About 1.8% of United States children are diagnosed with autism, a rate that has increased significantly over the past two decades. This growth could be accredited to broader diagnostic criteria and an increase in general recognition of the disorder, however it nonetheless means that it is essential to gain a greater sense of understanding of and insight on the disorder that affects so many individuals.
As technology has advanced over time, progress has been made in autism research. However, there are still various aspects of the disorder that remain unknown to scientists. Over 26 years ago, Marilyn and Jim Simons founded the Simons Foundation. In 2016, the Simons Foundation launched the SPARK program to improve the understanding, diagnosis, and treatment of autism spectrum disorders. SPARK, also known as Simons Foundation Powering Autism Research for Knowledge, is the largest genetic study of autism. The mission of the research project is to speed up research and advance our understanding of autism to help improve lives. SPARK has recruited 28,927 families for the study with 31 clinical sites in the United States and about 100,000 people with autism. Due to the large size of the SPARK study, almost all of the genes that are responsible for autism could be identified. Currently, the SPARK gene list consists of 157 identified single genes and 28 copy-number variants (repeated sections of the genome). The SPARK gene list includes numerous genes and copy-number variants that have well-established, persistent evidence that they are affiliated with autism.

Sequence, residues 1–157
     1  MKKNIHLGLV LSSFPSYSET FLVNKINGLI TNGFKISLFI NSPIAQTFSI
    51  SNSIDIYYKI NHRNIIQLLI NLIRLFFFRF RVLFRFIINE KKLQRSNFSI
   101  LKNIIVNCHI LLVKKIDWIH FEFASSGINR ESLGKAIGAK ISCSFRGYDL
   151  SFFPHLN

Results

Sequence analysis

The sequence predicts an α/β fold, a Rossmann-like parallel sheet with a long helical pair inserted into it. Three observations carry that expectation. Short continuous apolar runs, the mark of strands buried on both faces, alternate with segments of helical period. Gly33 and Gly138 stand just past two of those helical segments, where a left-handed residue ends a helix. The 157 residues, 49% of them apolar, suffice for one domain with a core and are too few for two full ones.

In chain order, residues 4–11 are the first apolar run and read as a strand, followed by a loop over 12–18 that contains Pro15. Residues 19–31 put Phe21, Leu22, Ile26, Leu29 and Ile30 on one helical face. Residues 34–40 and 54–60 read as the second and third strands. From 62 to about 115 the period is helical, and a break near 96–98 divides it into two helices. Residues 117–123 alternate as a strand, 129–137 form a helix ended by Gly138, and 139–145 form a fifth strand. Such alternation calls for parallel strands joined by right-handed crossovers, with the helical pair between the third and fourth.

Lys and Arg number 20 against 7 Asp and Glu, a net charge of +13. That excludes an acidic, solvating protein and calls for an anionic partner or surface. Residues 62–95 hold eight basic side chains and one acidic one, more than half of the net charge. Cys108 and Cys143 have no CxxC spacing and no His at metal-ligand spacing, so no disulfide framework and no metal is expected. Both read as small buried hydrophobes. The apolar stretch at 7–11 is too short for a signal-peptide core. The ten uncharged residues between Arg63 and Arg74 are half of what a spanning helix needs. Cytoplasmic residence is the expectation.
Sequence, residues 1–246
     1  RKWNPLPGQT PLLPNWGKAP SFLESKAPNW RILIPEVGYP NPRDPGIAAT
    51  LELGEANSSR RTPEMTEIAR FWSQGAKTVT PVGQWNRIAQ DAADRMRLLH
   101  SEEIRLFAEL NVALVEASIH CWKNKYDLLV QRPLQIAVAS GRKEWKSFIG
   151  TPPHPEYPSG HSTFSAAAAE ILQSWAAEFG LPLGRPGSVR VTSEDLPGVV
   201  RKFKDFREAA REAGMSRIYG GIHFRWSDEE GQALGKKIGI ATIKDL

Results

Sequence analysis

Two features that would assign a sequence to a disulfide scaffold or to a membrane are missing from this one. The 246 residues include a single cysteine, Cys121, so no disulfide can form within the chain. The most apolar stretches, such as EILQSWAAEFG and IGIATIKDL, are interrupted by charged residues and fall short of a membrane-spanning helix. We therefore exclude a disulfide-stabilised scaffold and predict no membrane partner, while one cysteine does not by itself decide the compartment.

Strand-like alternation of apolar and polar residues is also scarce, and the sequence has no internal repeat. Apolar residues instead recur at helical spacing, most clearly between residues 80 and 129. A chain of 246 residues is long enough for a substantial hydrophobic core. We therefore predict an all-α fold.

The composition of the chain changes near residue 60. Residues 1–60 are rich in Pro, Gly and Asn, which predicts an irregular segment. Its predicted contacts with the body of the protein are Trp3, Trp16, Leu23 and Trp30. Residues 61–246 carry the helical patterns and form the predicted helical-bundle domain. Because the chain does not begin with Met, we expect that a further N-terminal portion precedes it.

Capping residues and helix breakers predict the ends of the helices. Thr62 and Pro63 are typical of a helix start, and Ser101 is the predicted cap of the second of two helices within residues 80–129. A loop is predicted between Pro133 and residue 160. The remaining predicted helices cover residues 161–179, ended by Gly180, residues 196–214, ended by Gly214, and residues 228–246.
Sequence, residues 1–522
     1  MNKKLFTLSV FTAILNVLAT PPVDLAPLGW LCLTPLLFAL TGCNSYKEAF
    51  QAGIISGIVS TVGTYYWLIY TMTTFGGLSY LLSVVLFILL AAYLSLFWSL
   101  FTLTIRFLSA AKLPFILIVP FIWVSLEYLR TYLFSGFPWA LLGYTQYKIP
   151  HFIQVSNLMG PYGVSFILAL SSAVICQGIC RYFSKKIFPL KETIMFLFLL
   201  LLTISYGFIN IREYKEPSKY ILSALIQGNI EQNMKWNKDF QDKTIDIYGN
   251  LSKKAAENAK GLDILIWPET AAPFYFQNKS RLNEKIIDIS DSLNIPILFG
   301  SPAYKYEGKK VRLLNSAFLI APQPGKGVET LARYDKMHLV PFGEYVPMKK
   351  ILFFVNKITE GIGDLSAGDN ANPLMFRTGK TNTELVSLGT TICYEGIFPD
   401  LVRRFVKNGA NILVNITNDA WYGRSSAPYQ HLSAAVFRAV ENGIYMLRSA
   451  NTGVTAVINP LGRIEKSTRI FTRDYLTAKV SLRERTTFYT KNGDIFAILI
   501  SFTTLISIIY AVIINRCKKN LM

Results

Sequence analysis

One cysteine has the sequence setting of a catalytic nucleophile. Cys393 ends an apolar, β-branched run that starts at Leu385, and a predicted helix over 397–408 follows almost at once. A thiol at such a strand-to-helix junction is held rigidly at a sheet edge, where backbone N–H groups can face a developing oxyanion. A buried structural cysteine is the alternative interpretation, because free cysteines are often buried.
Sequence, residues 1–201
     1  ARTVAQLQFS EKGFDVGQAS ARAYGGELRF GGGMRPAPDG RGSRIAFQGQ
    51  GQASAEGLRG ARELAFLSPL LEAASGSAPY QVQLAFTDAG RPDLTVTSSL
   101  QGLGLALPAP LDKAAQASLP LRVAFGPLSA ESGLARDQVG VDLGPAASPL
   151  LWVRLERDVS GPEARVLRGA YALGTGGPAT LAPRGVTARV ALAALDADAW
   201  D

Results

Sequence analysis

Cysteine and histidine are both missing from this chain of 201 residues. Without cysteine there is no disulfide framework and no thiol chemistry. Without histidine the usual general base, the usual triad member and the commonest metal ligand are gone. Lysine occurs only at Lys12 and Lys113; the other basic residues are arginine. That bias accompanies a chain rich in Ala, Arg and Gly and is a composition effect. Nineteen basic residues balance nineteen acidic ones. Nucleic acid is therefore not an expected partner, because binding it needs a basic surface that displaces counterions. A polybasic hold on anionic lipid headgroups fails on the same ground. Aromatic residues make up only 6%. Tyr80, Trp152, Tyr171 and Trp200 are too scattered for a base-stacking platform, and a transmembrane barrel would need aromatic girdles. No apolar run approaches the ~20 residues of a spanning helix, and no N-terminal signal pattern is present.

Individuals who have been professionally diagnosed with autism and live in the United States are encouraged to engage in SPARK along with their families. All participants who are eligible can enroll online at www.sparkforautism.org. Once enrolled, families will then be provided with a saliva sample via kits that are shipped to households. SPARK estimates that they will find genetic results related to autism in around 10% of their participants. Although not all families will get genetic results, even participation can help by increasing the number of genes and genetic changes known to be related to autism. SPARK families may receive invitations from other researchers to participate in additional studies, enabling further research of the disorder.
Recently, my family became familiar with the SPARK program. My brother, my Mom, my Dad, and I all submitted saliva samples using a kit. We have not gotten our results back yet but it is amazing to be a part of this crucial research study and further global scientific knowledge on autism. Along with participating in the research study, I met several wonderful faculty members associated with the SPARK program at the University of Miami. Through volunteering with the program, I hope to gain more knowledge of the SPARK research study and encourage more study membership/participation.